Dismiss Notice
Join Physics Forums Today!
The friendliest, high quality science and math community on the planet! Everyone who loves science is here!

Reference frames for photon collisions

  1. Sep 26, 2007 #1

    My question probably has a simple answer, but I've been scratching my
    head over it a little too long so I thought I would ask it here. I
    have three initial photons involved in a collision with 4-momenta k1,
    k2 and k3. I have two reference frames:

    frame 1: the centre of mass frame of photons k1 and k2 (so that 3-momenta k1+k2=0)

    frame 2: the centre of mass frame of all photons k1, k2 and k3 (sothat 3-momenta k1+k2+k3=0)

    I want to find out what the relativistic beta v/c and gamma 1/Sqrt(1-(v/c)^2 are. So there seems no way to directly find the relative velocity of the two frames is as only photons are involved. I thought
    to use the expression for the relativistic doppler shift, but that doesn't seem appropriate.

    Can anyone help me out here?

  2. jcsd
  3. Sep 26, 2007 #2


    User Avatar

    Staff: Mentor

    Try using the Lorentz transformation for energy and momentum. That is, if an object (including a photon) has energy E and momentum p in one frame, then in another frame with relative velocity v (with respect to the first frame):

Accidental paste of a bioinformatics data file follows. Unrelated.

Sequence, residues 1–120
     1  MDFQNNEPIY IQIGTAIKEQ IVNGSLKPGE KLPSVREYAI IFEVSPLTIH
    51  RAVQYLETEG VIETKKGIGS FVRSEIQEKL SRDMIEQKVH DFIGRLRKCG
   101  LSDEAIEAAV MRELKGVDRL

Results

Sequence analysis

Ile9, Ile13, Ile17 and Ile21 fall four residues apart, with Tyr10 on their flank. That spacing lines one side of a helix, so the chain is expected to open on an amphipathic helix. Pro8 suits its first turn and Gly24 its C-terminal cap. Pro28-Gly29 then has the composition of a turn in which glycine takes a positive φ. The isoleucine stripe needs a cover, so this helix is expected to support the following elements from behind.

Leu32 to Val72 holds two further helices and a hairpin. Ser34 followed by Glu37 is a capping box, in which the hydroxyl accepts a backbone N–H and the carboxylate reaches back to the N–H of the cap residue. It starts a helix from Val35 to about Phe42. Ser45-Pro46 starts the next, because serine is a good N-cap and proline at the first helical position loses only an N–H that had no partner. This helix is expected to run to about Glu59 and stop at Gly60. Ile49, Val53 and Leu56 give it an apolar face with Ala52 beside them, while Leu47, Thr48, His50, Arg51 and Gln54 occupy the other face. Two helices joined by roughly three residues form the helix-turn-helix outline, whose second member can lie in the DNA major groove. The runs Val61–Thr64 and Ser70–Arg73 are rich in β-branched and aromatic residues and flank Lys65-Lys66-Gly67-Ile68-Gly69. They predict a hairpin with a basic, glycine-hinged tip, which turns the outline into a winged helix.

[tex]p^{\prime}c = \gamma (pc - \beta E)[/tex]

    [tex]E^{\prime} = \gamma (E - \beta pc)[/tex]
  4. Sep 26, 2007 #3
    thanks, but [tex]\beta[/tex] and [tex]\delta[/tex] are what I'm trying to determine
  5. Sep 26, 2007 #4
    err I meant beta and gamma
  6. Oct 2, 2007 #5


    User Avatar
    Science Advisor

    Use: P=k3
    LT with \beta=p/E in the direction of k3.
  7. Oct 2, 2007 #6


    User Avatar
    Staff Emeritus
    Science Advisor

    Note that you have only one variable to solve for, [itex]\beta[/itex]. By definition,

    [tex]\gamma = \frac{1}{\sqrt{1-\beta^2}}[/tex]

    You can (and will have to) invert this to solve for beta as a function of gamma.

    If I understand the problem correctly, you have 6 3-vectors as input? I.e. you have the components of k1 in frame1 and frame2, the components of k2 in frame1 and frame2, and the components of k3 in frame 1 and frame 2.

    I suppose you could call these k1 and k1', k2 and k2', k3 and k3'?

    First step: replace the 3-vectors with 4-vectors. The "missing" component, which is energy, can be found from |k1| = |k2| = |k3| = 0, i.e. E^2 - |p|^2 = 0.

    k1 + k2 must be related by a Lorentz transform to (k1'+k2'), because k1' is the Lorentz transform of k1, and k2' is the Lorentz transform of k2.

    In geometric units, we know that the components of (k1+k2) are (1,0,0,0). In standard units, this would be (c,0,0,0).

    The zeroeth. component of (k1'+k2') will be gamma in geometric units, or c * gamma in standard units.

    You apparently are not interested in solving for the direction of the Lorentz boost, just it's absolute value?
    Last edited: Oct 2, 2007
Share this great discussion with others via Reddit, Google+, Twitter, or Facebook